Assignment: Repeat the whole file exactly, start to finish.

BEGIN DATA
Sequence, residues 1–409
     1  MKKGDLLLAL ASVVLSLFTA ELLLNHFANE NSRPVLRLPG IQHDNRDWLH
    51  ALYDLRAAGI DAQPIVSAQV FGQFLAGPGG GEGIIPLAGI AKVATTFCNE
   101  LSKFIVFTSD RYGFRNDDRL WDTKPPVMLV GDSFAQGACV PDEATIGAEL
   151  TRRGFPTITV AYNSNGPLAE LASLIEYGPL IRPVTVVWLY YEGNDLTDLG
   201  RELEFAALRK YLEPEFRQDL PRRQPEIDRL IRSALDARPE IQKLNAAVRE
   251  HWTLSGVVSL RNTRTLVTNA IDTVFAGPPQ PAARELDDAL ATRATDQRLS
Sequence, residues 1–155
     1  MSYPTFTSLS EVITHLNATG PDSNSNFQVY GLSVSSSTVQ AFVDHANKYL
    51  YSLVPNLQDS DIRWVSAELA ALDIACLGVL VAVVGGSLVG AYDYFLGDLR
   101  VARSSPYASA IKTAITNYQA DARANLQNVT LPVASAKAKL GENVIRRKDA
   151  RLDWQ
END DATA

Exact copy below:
Sequence, residues 1–409
     1  MKKGDLLLAL ASVVLSLFTA ELLLNHFANE NSRPVLRLPG IQHDNRDWLH
    51  ALYDLRAAGI DAQPIVSAQV FGQFLAGPGG GEGIIPLAGI AKVATTFCNE
   101  LSKFIVFTSD RYGFRNDDRL WDTKPPVMLV GDSFAQGACV PDEATIGAEL
   151  TRRGFPTITV AYNSNGPLAE LASLIEYGPL IRPVTVVWLY YEGNDLTDLG
   201  RELEFAALRK YLEPEFRQDL PRRQPEIDRL IRSALDARPE IQKLNAAVRE
   251  HWTLSGVVSL RNTRTLVTNA IDTVFAGPPQ PAARELDDAL ATRATDQRLS
Sequence, residues 1–155
     1  MSYPTFTSLS EVITHLNATG PDSNSNFQVY GLSVSSSTVQ AFVDHANKYL
    51  YSLVPNLQDS DIRWVSAELA ALDIACLGVL VAVVGGSLVG AYDYFLGDLR
   101  VARSSPYASA IKTAITNYQA DARANLQNVT LPVASAKAKL GENVIRRKDA
   151  RLDWQ